Since the complainants could lodge complaints to different organisations and the organisations could refer individual case(s) to another organisation, the complaints or cases received by the above-mentioned parties may involve the same cases.

(2) Pursuant to the Estate Agents (Exemption From Licensing) Order (Cap. 511B), a person shall be exempted from the requirement for obtaining an estate agent's licence if he handles exclusively properties outside Hong Kong; and states in all his documents (including pamphlets and brochures, etc.) and advertisement that he is not licensed to deal with any property situated in Hong Kong. However, if the concerned company or individual performs estate agency work for properties both within and outside Hong Kong, one should have obtained a licence issued by the EAA and should be regulated by the EAA. If a licensed estate agent/salesperson is suspected of breaching the Code of Ethics and practice circulars issued by the EAA in the course of the sale of properties, regardless of whether the properties concerned are Hong Kong properties or not, the EAA will investigate the matter.
     In December 2017, the EAA had issued a practice circular to provide guidelines to estate agent licensees on the appropriate practices and measures to be adopted in handling the sale of uncompleted properties situated outside Hong Kong. These practices and measures, amongst others, include due diligence measures and record keeping requirements. The guidelines have taken effect since April 1, 2018. Licensees who breach the guidelines may be subject to disciplinary actions. The guidelines are not only binding on the licensed estate agents, but also provide a reference for consumers to assess whether the sales arrangements adopted by individual persons (including the exempted persons) are appropriate.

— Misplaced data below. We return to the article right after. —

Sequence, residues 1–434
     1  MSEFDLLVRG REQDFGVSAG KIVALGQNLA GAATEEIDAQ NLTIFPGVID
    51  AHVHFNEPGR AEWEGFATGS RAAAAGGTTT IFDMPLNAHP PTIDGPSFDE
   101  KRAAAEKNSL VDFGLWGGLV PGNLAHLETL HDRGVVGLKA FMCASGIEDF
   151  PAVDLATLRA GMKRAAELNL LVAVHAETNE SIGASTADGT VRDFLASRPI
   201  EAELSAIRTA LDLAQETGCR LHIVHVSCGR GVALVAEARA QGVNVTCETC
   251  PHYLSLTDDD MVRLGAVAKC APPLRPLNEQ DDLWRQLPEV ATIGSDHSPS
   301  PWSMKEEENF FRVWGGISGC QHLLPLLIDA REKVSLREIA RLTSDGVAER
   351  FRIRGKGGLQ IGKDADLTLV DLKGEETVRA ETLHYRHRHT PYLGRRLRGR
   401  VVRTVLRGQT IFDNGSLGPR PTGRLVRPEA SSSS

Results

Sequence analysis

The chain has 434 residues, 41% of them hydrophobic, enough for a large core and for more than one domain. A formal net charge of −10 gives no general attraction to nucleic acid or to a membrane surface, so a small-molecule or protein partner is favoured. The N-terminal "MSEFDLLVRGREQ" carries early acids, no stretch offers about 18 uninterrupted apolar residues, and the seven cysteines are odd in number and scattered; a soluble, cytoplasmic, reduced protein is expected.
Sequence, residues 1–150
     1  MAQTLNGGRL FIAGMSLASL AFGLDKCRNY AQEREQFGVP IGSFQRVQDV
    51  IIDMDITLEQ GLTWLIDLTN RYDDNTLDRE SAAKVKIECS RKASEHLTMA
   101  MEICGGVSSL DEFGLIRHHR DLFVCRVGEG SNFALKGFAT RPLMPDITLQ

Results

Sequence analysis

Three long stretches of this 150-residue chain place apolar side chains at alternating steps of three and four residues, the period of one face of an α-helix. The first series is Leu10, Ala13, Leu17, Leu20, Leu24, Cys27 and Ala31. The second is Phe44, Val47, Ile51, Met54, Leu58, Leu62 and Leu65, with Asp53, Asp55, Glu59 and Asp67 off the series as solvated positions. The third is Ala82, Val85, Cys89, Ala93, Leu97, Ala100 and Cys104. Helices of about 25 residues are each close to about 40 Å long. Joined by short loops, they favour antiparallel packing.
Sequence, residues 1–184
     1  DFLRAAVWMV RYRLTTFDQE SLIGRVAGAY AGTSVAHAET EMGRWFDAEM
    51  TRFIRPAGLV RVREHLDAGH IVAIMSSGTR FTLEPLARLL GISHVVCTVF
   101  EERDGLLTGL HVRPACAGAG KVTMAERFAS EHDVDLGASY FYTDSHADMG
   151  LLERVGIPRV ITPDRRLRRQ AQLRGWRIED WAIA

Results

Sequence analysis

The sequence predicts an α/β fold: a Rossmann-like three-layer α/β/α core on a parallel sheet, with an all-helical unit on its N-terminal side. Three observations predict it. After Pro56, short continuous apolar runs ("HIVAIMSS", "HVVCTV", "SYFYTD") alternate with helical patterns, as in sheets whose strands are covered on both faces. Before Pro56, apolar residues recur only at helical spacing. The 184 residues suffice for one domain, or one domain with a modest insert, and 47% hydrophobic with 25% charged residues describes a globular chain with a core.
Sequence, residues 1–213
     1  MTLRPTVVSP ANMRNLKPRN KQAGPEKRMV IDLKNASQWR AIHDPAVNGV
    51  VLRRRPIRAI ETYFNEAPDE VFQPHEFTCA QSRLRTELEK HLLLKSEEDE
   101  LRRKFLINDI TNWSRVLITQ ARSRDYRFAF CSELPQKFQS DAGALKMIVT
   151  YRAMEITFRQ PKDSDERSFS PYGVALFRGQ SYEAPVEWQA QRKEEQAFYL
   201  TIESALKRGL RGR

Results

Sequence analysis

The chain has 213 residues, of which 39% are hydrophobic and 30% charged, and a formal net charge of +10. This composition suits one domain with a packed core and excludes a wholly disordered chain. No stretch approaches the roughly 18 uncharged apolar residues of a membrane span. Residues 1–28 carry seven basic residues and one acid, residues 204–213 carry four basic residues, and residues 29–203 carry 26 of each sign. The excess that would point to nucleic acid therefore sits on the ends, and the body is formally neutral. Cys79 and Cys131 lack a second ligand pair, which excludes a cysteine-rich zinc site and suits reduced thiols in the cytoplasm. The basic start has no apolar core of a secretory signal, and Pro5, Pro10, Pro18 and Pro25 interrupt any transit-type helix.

There could be substantial differences between the sale of properties situated outside Hong Kong and those in Hong Kong from both the perspectives of market operation and conduct regulation. Moreover, the sale of properties situated outside Hong Kong involves not only various stakeholders (e.g. non-local developers, intermediaries and agents) but also the laws and regulations as well as tax regimes of different jurisdictions. Furthermore, as it is not mandatory for Hong Kong buyers to engage estate agents in purchasing non-local properties, and vendors can carry out sale and promotional activities easily through the Internet, the issue could not be completely addressed even if there is no exemption granted to persons who handle exclusively with properties situated outside Hong Kong from obtaining estate agent licences. We consider that enhancing public education should be a more effective approach. The EAA and the Consumer Council have all along been putting much efforts in educating the public. They have from time to time reminded consumers, through various channels, to be aware of the risks and issues to pay attention to before deciding to purchase non-local properties.
(3) From 2017 to 2019, the Consumer Council successfully assisted complainants in 13 cases through conciliation in recovering the deposits paid for the purchase of properties situated outside Hong Kong. Separately, as at September 2020, the Police are still investigating the eight cases of non-local property investment deception mentioned in Part (1) above. If the persons arrested are convicted in legal proceedings, the court is empowered by the Magistrates Ordinance and the Criminal Procedure Ordinance to order the offenders to pay the aggrieved persons such compensation that it considers reasonable.
Ends/Wednesday, November 18, 2020
Issued at HKT 15:50